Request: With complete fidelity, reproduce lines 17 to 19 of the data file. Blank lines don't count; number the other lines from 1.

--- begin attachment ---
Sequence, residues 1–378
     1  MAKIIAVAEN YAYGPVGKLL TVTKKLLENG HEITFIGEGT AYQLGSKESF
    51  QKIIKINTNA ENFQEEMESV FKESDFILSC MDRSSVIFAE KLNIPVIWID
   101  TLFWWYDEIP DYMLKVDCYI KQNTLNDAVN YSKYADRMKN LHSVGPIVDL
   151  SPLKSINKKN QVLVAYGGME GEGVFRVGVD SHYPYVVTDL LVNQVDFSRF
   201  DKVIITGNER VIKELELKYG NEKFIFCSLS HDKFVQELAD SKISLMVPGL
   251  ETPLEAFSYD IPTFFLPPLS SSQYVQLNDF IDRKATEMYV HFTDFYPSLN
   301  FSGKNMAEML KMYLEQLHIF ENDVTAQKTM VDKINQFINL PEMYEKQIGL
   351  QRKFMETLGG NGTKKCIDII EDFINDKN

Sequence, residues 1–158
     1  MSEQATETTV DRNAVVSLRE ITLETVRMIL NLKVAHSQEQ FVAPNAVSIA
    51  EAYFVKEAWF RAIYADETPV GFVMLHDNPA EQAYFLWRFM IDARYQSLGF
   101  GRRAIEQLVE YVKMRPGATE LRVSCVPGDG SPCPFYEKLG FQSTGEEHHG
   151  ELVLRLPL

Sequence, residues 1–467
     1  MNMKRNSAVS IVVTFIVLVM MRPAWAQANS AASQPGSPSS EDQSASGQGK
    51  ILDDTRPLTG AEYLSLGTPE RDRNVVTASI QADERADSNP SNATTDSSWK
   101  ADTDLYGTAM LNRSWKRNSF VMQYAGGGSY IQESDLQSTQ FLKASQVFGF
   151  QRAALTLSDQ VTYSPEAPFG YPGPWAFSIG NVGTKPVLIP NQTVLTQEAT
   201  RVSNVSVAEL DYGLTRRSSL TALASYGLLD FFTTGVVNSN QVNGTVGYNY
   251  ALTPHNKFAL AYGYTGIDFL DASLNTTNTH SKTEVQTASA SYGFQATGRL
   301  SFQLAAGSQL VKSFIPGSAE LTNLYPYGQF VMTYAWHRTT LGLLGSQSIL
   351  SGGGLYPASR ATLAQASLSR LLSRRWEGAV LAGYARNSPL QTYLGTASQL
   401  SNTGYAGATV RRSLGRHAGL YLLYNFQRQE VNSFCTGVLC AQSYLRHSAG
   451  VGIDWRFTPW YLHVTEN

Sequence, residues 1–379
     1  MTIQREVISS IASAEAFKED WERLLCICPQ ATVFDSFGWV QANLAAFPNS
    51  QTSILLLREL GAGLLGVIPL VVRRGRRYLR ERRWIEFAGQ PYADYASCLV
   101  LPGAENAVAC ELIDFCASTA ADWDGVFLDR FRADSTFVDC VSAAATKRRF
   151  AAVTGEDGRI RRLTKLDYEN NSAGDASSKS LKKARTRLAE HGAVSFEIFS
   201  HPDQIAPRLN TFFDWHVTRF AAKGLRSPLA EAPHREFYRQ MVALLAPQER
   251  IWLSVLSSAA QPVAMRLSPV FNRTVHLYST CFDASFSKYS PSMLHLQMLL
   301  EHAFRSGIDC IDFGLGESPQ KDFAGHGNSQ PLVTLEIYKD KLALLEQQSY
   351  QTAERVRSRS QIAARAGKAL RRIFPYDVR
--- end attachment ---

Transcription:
    51  ILDDTRPLTG AEYLSLGTPE RDRNVVTASI QADERADSNP SNATTDSSWK
   101  ADTDLYGTAM LNRSWKRNSF VMQYAGGGSY IQESDLQSTQ FLKASQVFGF
   151  QRAALTLSDQ VTYSPEAPFG YPGPWAFSIG NVGTKPVLIP NQTVLTQEAT